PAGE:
The World’s Oldest Dance?

We’ve all heard the stories:

  • “Bellydance is the world’s oldest dance.”
  • “Bellydance is an ancient art form.”
  • “The roots of this dance form go back to time immemorial.”

We hold up our heads with pride, thinking about our ancient dance lineage, passed from mother to daughter. We’ve discussed and experienced the sisterhood of the dance. Perhaps we heard our teacher, or even Jamilla Salimpour talking about the origins of the dance form in exercises for childbirth.

But there are a couple of problems with this “history”. To start with, we can’t prove any of it. While these stories make up a lovely origin myth, that’s exactly what they are. The earliest documentation of the women’s solo performance dance known as raqs sharqi date to the 1920s. The dance form does descend from older folkloric and performance dances, much like modern ballet descends from French courtly dances. But the notes that we have from before this time depict a very different dance.

And then there is the problem of the myth’s colonizing and racist roots. While these stories may seem innocent enough, they reflect 19th century European and Western views on the development of culture. Darwin’s Origin of the Species was published in 1859. This yielded not only scientific theories of evolution, but also sociological theories of Social Darwinism. Westerners began to view themselves as better not because of their religion, but rather because they believed their culture to have developed later, making it “the fittest” and other cultures “lesser”`. These other cultures were also viewed as unchanging. These became justification for forcing Western culture and values on other, generally non-white people.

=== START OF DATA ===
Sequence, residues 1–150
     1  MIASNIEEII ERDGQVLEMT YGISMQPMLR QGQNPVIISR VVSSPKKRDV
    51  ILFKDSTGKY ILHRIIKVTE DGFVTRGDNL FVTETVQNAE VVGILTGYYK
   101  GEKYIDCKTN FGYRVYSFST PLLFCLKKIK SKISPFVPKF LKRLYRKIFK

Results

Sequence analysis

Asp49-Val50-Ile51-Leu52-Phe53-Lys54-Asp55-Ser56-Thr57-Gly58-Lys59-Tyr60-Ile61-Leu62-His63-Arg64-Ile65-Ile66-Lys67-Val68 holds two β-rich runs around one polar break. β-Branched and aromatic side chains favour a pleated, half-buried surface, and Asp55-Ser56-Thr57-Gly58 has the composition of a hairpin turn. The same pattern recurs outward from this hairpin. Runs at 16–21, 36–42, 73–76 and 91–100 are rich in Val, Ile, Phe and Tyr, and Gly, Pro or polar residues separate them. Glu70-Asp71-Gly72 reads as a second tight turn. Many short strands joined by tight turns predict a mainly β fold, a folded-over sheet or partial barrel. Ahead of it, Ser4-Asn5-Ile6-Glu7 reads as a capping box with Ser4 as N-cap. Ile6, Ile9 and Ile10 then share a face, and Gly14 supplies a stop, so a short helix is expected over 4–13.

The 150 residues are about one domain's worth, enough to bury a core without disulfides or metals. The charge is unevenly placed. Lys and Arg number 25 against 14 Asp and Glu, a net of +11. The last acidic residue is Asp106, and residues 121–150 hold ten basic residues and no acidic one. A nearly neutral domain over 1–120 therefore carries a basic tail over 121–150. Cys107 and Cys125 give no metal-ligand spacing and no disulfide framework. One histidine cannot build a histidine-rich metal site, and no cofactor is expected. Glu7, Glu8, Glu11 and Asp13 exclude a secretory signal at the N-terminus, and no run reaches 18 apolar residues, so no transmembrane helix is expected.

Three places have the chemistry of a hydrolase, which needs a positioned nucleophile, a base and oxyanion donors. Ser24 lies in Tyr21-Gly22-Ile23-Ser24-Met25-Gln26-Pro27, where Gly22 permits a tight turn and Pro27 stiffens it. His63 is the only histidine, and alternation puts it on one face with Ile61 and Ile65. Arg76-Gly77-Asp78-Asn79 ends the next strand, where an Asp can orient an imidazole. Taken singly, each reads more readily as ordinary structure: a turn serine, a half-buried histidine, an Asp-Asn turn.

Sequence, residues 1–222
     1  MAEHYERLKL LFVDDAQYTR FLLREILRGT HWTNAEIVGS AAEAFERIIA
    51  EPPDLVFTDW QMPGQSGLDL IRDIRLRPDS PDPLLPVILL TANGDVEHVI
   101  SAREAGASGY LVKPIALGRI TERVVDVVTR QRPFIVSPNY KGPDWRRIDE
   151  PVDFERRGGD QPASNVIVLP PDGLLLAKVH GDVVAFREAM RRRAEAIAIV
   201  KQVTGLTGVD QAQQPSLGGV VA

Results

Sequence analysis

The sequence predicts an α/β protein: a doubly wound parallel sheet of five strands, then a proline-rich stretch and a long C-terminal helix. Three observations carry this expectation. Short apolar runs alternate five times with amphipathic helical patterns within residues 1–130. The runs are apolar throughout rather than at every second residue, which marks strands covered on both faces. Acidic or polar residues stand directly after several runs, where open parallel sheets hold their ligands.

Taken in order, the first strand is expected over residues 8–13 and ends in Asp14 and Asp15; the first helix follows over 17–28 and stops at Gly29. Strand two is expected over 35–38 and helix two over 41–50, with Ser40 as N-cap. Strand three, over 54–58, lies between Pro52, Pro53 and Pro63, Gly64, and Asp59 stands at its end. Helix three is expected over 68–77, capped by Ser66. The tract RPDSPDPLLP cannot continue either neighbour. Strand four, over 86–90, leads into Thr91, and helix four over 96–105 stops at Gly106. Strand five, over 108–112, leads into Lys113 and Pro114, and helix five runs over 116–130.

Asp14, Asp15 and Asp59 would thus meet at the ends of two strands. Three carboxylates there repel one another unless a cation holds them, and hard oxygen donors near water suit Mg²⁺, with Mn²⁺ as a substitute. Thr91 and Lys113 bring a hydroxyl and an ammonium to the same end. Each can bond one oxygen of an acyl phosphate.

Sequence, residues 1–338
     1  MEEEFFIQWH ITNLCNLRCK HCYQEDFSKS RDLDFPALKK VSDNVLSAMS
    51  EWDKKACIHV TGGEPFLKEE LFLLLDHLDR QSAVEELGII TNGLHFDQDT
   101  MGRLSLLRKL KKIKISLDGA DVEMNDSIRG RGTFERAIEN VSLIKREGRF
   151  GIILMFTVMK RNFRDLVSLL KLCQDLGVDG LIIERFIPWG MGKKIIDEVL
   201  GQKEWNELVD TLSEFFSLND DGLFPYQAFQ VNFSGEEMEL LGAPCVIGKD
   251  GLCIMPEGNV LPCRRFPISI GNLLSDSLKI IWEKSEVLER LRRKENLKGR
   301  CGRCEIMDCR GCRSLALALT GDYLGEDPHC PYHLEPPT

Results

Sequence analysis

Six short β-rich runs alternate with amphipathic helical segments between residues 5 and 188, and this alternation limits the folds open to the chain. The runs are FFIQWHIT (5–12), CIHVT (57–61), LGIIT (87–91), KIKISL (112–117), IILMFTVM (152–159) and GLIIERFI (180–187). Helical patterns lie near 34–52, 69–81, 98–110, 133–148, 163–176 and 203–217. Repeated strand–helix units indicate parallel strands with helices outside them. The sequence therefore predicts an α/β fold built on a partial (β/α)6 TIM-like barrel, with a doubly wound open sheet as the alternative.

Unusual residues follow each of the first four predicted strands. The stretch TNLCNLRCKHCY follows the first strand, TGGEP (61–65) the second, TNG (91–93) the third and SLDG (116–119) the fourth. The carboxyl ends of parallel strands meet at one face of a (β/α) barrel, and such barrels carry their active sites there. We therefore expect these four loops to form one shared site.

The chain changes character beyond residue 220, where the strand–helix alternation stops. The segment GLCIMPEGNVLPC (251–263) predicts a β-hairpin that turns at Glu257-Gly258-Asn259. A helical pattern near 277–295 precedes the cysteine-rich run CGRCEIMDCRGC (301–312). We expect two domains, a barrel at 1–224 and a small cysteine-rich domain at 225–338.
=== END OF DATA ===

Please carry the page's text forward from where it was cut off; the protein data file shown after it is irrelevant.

When some of the precursors to raqs sharqi were displayed at the 1893 Worlds Fair in Chicago, Illinois, the dances were derided for focusing on the torso. This was a clear indication to the contemporary Western viewers that the dance form was older, and therefore inferior. Victorian-era Western audiences also had no proof of the age of the dance. But in their purview, torso=older, not as advanced, limbs=developed.

So the problem in blindly perpetuating these myths is that we continue a racist tradition of demeaning and belittling the cultures that originated the dance forms collectively termed “belly dance”. It keeps us from seeing these cultures as valuable and equal to our own. While I don’t think it is most dancers’ intent in passing on these myths to demean these cultures, it is continuing a racist and imperialist stereotype.

Collectively, we need to care enough about our art form to learn more and do better.

Jean-Léon Gérome. Dance of the Almeh. 1863. Oil painting. Dayton Art Institute, Ohio.